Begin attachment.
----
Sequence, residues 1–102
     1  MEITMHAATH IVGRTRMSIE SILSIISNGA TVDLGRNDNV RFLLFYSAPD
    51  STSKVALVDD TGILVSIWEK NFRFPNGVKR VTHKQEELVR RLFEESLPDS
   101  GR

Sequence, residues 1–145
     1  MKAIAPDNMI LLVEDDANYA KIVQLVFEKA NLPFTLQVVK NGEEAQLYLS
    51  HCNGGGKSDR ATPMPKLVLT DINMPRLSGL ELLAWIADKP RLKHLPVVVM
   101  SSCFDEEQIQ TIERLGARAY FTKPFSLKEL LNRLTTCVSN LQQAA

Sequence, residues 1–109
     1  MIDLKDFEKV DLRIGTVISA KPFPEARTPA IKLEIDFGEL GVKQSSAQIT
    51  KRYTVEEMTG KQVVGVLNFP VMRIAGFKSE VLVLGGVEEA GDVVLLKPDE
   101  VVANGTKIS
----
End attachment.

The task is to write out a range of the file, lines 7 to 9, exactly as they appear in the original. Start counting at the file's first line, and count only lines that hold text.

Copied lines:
    51  HCNGGGKSDR ATPMPKLVLT DINMPRLSGL ELLAWIADKP RLKHLPVVVM
   101  SSCFDEEQIQ TIERLGARAY FTKPFSLKEL LNRLTTCVSN LQQAA

Sequence, residues 1–109